Teamwork and family relationships
When your family is working as a team, everyone feels supported and able to contribute. It’s easier to work as a team when everyone understands where they stand, so it helps to have clear expectations, limits and boundaries.
You can encourage teamwork in these ways:
- Share household chores. Even very young children can enjoy the feeling of belonging that comes from making a contribution.
- Include children in decisions about things like family activities and holidays. Give everyone – including young children – a chance to have their say before you make the final decision. Family meetings can be a good way to do this.
- Let children make some of their own decisions, depending on their abilities and maturity. For example, you might let your 12-year-old child decide whether to walk or cycle home from school.
- Create family rules together that state clearly how your family wants to look after and treat its members. For example, ‘In our family we speak respectfully to each other’. Rules like this help everyone get along better and make family life more peaceful.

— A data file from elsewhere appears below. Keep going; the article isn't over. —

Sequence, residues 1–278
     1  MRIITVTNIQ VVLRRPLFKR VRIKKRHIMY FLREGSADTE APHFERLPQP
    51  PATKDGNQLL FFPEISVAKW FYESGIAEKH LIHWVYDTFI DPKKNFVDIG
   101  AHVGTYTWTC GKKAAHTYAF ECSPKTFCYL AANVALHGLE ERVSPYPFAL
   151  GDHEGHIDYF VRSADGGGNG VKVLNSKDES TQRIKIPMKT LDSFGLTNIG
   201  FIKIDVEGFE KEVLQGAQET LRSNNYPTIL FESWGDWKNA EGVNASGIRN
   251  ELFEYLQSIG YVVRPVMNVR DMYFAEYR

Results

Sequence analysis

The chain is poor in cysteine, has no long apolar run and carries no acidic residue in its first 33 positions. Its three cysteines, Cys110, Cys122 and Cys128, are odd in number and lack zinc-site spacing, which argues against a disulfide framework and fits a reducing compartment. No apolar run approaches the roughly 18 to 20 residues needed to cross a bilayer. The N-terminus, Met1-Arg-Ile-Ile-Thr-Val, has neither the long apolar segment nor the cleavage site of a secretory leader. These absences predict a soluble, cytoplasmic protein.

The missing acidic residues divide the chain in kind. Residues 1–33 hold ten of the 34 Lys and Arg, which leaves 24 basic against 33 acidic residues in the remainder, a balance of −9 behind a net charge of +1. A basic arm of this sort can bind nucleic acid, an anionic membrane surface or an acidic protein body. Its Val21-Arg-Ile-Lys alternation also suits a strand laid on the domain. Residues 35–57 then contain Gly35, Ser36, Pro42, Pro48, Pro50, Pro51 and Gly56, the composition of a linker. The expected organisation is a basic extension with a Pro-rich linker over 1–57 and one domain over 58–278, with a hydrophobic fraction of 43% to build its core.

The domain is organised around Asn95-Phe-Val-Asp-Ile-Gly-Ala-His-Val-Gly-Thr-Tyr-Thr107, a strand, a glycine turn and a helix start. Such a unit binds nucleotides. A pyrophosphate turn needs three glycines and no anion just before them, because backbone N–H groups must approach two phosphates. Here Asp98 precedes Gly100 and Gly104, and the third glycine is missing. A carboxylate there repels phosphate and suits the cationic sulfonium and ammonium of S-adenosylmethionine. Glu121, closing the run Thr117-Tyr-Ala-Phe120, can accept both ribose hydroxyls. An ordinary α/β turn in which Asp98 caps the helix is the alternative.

- Work together to solve problems. This involves listening and thinking calmly, considering options, respecting people’s opinions, finding constructive solutions, and working towards compromises.
Appreciation for each other and family relationships
Valuing each other is at the heart of good family relationships. Here are ways you might be able to do this:
- Take an interest in each other’s lives. For example, make time to go to each other’s sporting events, drama performances, art shows and so on.
- Include everyone when you’re talking about the day’s events. For example, ‘What was the highlight for you today, Izzy?’
- Share family stories and memories. These can help children appreciate things that aren’t obvious or that they’ve forgotten – for example, Mum’s sporting achievements when she was younger, or the way they helped care for their sibling as a baby.
- Acknowledge each other’s differences, talents and abilities, and use each other’s strengths. For example, if you praise and thank your teenage child for listening to a younger sibling reading, your child will begin to see themselves as helpful and caring.